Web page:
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Chapter 1. Human Endocrine System
Human Endocrine System
What’s a hormone?
This messenger pigeon is delivering a letter, making sure it gets to where it needs to go. It could be said that
hormones are biological messengers, and they originate from the endocrine system. The nervous system isn’t the
only message-relaying system of the human body. The endocrine system also carries messages. The endocrine
system is a system of glands that release chemical messenger molecules into the bloodstream. The messenger
molecules are hormones. Hormones act slowly compared with the rapid transmission of electrical messages by the
nervous system. They must travel through the bloodstream to the cells they affect, and this takes time. On the other
hand, because endocrine hormones are released into the bloodstream, they travel throughout the body. As a result,
endocrine hormones can affect many cells and have body-wide effects.
Glands of the Endocrine System
The major glands of the endocrine system are shown in Figure 1.1. You can access a similar, animated endocrine
system chart at the link below.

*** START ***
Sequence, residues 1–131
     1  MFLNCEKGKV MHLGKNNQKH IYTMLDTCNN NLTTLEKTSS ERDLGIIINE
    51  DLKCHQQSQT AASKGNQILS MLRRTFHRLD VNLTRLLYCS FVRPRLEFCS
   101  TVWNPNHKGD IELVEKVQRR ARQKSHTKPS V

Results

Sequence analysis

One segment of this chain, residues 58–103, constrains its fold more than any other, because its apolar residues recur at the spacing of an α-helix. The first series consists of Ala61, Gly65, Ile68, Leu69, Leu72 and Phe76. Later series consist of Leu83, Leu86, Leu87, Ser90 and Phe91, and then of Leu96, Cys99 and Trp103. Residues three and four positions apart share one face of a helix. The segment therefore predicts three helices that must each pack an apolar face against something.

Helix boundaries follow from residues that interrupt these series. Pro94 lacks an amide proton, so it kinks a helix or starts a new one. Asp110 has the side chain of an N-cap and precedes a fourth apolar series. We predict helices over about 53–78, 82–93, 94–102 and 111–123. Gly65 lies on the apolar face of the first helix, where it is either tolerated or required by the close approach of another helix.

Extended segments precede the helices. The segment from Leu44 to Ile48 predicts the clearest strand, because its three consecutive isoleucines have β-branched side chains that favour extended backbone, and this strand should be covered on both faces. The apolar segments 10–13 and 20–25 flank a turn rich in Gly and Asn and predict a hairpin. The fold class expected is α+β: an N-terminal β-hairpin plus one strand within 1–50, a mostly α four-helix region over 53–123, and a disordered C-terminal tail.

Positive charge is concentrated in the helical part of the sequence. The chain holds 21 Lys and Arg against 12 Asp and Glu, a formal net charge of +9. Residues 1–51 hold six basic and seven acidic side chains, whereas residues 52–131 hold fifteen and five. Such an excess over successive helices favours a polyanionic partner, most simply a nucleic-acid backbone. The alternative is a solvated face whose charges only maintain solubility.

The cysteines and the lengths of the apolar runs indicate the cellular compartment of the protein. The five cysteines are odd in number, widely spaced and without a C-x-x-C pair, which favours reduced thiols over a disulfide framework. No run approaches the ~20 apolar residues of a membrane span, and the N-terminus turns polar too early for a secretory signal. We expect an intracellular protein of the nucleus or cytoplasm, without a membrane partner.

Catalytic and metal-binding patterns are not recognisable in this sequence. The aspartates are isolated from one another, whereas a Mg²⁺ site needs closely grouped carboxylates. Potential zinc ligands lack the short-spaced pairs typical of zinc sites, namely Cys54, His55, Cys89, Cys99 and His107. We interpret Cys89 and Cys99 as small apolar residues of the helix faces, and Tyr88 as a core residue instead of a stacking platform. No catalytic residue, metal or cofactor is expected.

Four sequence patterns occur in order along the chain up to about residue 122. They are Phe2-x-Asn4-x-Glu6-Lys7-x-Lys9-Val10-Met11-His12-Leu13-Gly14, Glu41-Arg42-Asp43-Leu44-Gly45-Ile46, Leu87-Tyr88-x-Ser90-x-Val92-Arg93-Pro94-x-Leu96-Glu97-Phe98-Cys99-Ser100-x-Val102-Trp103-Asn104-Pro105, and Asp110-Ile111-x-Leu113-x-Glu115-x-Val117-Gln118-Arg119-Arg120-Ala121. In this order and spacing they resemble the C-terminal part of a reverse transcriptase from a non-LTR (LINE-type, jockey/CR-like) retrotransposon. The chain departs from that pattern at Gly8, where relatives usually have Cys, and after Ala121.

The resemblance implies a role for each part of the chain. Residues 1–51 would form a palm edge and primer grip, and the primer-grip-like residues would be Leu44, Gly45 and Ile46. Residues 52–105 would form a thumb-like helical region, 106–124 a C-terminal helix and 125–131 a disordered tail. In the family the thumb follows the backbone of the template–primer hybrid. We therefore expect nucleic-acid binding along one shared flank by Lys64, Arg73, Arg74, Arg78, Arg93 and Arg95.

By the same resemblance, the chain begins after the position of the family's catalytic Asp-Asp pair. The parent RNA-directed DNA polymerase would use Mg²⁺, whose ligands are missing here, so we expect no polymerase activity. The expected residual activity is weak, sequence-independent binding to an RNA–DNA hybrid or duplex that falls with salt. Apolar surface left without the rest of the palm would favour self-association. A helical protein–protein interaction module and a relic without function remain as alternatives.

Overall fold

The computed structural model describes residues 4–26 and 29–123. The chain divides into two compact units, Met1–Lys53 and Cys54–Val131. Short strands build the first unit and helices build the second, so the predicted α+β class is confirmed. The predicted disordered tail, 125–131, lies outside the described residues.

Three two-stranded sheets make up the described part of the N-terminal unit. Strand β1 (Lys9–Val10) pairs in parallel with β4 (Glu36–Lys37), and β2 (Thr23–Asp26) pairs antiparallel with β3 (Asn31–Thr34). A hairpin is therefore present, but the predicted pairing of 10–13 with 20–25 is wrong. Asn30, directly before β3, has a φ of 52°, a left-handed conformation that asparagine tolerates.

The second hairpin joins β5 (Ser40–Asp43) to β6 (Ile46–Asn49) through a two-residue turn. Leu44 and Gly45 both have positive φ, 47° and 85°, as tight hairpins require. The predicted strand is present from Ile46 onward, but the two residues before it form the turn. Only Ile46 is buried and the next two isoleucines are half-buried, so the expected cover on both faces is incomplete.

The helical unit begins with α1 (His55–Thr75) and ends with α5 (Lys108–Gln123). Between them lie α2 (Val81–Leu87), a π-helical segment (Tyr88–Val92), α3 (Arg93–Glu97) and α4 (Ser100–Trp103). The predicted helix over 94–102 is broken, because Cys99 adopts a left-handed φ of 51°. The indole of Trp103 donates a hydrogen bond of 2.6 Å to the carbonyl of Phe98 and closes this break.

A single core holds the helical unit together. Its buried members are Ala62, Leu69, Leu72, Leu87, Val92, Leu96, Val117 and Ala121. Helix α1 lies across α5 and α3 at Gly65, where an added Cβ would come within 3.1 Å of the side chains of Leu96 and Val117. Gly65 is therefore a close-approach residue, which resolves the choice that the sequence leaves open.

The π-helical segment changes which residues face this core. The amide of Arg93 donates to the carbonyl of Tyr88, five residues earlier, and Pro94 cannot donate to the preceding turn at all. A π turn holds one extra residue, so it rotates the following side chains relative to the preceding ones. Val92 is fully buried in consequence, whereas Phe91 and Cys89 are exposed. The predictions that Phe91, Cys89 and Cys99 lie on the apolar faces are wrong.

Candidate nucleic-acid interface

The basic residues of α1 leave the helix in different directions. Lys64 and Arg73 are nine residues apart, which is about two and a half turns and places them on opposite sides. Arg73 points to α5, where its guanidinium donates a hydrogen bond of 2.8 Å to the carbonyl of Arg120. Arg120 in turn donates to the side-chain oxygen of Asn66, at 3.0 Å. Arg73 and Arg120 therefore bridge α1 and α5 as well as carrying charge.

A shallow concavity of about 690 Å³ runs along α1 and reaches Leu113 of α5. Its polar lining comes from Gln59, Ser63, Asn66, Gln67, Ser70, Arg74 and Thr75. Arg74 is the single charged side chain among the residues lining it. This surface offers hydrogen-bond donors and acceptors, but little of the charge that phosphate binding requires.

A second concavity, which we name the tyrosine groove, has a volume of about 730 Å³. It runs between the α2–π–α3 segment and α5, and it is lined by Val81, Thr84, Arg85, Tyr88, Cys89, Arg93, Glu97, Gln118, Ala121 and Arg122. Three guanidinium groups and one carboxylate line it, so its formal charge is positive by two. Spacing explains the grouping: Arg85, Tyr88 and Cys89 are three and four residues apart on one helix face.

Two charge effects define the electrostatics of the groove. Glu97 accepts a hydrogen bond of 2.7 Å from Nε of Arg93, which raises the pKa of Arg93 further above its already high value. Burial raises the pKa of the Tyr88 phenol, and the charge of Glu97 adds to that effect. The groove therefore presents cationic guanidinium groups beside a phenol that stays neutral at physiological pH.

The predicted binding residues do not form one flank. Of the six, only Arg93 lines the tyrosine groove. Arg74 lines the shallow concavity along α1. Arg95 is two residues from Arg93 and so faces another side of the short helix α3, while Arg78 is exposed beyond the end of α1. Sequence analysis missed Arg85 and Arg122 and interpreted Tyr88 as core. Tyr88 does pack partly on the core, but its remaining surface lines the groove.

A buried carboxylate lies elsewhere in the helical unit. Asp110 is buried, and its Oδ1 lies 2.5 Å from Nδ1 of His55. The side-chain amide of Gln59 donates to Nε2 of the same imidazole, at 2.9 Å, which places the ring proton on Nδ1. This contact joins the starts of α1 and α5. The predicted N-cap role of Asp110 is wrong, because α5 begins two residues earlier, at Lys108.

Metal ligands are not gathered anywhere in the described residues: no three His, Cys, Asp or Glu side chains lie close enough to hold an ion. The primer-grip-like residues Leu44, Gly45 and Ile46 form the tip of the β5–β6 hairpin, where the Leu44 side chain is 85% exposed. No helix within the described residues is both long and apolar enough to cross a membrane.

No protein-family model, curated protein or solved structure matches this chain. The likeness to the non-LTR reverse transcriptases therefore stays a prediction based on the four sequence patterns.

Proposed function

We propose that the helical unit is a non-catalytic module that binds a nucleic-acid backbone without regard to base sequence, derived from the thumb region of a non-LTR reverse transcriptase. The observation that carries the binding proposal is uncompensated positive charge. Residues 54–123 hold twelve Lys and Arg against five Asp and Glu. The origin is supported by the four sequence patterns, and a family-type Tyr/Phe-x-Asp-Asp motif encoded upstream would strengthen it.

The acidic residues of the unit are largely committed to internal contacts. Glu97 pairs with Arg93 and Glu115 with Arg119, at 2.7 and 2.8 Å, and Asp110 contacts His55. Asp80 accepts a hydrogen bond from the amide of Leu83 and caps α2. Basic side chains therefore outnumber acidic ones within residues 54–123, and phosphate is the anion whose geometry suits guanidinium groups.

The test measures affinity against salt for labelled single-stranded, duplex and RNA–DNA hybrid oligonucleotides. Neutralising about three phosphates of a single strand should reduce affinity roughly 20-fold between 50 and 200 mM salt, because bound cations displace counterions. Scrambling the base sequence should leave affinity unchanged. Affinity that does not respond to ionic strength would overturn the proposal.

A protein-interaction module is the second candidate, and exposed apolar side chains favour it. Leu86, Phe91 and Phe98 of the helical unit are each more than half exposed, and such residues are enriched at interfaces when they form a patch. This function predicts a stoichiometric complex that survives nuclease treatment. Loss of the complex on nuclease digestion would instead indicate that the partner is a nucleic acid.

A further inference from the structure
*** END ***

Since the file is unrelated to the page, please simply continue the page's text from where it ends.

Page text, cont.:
The glands of the endocrine system are
the same in males and females except
for the testes, which are found only in
males, and ovaries, which are found only
in females.
The hypothalamus is actually part of the brain (see Figure 1.2), but it also secretes hormones. Some of its hormones
that “tell” the pituitary gland either to secrete or to stop secreting its hormones. In this way, the hypothalamus
provides a link between the nervous and endocrine systems. The hypothalamus also produces hormones that directly
regulate body processes. These hormones travel to the pituitary gland, which stores them until they are needed. The
hormones include antidiuretic hormone and oxytocin.
• Antidiuretic hormone stimulates the kidneys to conserve water by producing more concentrated urine.
• Oxytocin stimulates the contractions of childbirth, among other functions.
Pituitary Gland
The pea-sized pituitary gland is attached to the hypothalamus by a thin stalk (see Figure 1.2). It consists of two
bulb-like lobes. The posterior (back) lobe stores hormones from the hypothalamus. The anterior (front) lobe secretes
pituitary hormones. Several pituitary hormones and their effects are listed in Table 1.1. Most pituitary hormones
control other endocrine glands. That’s why the pituitary is often called the “master gland” of the endocrine system.
Chapter 1. Human Endocrine System
The hypothalamus and pituitary gland are
located close together at the base of the
TABLE 1.1: Pituitary Hormones
Adrenal glands
Growth hormone (GH)
Thyroid gland
Body cells
Ovaries, testes
Luteinizing hormone (LH)
Ovaries, testes
Prolactin (PRL)
Mammary glands
Stimulates the cortex of each
adrenal gland to secrete its
Stimulates the thyroid gland to secrete thyroid hormone
Stimulates body cells to synthesize
proteins and grow
Stimulates the ovaries to develop
mature eggs; stimulates the testes to
produce sperm
Stimulates the ovaries and testes
to secrete sex hormones; stimulates